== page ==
Necessity 20 Years On: The Limits of Article 25 ARSIWA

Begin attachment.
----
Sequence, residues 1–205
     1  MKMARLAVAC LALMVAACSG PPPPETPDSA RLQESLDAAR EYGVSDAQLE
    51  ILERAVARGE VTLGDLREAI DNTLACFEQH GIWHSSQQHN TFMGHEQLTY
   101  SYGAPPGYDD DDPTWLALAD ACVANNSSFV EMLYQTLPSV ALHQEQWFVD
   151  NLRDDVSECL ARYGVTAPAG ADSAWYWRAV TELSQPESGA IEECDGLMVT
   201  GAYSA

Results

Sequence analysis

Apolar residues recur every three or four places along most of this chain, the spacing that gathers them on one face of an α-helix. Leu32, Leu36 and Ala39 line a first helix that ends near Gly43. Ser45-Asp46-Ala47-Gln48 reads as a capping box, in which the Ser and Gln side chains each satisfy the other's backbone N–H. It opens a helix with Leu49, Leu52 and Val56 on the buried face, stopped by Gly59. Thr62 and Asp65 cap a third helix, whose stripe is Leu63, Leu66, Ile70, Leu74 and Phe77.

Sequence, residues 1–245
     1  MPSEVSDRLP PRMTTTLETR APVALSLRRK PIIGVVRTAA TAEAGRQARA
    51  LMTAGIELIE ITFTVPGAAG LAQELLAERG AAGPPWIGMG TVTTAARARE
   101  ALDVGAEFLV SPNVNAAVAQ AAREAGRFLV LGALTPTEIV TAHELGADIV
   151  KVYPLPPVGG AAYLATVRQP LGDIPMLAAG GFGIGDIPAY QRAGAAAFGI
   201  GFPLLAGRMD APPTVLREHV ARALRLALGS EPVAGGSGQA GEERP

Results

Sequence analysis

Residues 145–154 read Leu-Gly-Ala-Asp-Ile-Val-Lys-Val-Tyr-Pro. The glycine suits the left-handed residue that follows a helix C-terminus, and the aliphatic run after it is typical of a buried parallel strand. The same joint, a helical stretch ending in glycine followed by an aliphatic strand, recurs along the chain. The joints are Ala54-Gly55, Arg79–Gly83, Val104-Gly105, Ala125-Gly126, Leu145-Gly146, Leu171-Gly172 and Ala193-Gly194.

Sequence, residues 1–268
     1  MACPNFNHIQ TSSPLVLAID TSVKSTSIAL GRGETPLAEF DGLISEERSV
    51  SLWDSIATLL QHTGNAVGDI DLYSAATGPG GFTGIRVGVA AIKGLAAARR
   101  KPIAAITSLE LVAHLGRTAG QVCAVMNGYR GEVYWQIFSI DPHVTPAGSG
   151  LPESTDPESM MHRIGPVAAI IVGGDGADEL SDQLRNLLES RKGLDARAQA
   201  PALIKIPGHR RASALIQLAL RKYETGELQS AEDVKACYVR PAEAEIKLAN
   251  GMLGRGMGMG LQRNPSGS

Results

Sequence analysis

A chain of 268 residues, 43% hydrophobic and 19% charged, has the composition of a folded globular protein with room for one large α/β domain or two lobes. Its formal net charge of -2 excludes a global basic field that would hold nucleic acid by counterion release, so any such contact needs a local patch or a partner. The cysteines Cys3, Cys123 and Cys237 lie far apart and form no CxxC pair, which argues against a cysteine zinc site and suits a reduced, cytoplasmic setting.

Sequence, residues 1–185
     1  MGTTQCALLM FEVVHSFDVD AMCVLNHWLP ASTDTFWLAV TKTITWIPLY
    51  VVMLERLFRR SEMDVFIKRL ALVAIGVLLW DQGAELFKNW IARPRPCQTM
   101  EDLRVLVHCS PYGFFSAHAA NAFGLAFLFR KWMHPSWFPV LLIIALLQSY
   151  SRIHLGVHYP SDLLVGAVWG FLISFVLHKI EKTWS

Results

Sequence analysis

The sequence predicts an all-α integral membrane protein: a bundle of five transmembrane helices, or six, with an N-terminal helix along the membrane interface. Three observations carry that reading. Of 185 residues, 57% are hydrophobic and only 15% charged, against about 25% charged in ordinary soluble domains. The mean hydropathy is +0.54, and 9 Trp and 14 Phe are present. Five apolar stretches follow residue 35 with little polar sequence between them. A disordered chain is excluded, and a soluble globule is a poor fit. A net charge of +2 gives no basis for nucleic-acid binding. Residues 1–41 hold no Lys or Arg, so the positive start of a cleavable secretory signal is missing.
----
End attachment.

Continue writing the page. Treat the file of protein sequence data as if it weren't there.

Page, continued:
Investment tribunals have fleshed out the requirements of the defence of necessity in Article 25 of the Articles on State Responsibility. This article considers the impact of necessity in international investment law and in general international law. The decided cases of the early 21st century have revealed three difficulties in Article 25 and in the defence of necessity. First, rather than assessing necessity from the vantage point of the State invoking necessity, they assess it ex post with hindsight bias. Second, the standard of proof required to demonstrate the existence of a grave and imminent peril is infeasible for many situations of risk and uncertainty. Third, the ‘only way’ criterion is not only unduly strict and virtually impossible to prove, but is wholly unrealistic for macro-level crises, such as pandemics or financial crises. To account for these difficulties, tribunals should avoid hindsight bias, especially with respect to ‘grave and imminent peril’ and the ‘only way’ criterion. The defence of necessity is a blunt instrument and has not afforded States a significant ‘safety valve’. As a result, States have begun to reconsider the substantive standards in investment treaties and to include internal exceptions in their investment treaties.